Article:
Leaving Ft. Worth, we headed south towards the town of Hico, TX (pronounced Hi-Co) where our first stop was the Koffee Kup restaurant. I have been stopping here on my way to Austin for over 5 years and I love this place. They now have a banner from the Texas Monthly Magazine as one of the 50 Best Burgers in Texas for 2009. Unfortunately, we arrived early and had breakfast, which as always was pure awesomesauce! I am definitely suggesting to ThunderRoads Texas to add this place for the Points Across Texas Program!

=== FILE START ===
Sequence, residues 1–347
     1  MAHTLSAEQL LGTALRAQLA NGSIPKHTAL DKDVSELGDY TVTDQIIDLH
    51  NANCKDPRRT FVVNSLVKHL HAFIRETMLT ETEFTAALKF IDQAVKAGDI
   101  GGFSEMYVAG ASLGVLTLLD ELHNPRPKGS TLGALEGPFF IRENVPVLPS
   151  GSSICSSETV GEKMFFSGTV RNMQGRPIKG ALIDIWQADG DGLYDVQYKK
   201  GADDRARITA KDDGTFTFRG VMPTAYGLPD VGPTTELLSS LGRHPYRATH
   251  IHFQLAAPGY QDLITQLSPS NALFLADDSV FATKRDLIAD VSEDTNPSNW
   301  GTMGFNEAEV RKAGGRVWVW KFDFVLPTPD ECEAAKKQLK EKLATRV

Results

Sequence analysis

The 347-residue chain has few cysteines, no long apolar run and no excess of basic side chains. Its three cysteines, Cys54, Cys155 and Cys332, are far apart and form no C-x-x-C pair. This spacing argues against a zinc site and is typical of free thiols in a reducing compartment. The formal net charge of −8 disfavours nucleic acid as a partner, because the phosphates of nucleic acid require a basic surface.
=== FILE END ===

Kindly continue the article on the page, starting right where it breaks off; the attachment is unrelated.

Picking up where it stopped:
We stayed in Hico, and went over the Billy the Kid’s Museum. Legend has it he actually was killed in New Mexico. You can Google that story; however, this town believes he actually moved here and lived to be an old man. They even tried to prove it, but didn’t convince the New Mexico government, so says Ms. Sue Land the Curator. So we have two places where tourism thrives on the dead outlaw. By the way here in Hico, they believe (according to the real Billy the Kid) he really only killed 9 people and not the reported 21, and one of those was self defense. This is a great little place and the curator is just Awesome to be around and full of great knowledge. She told me to bring at least 100 bikes to town next time and she will throw us an old west style party complete with Billy, saloon girls and cowboys. How can I turn that down?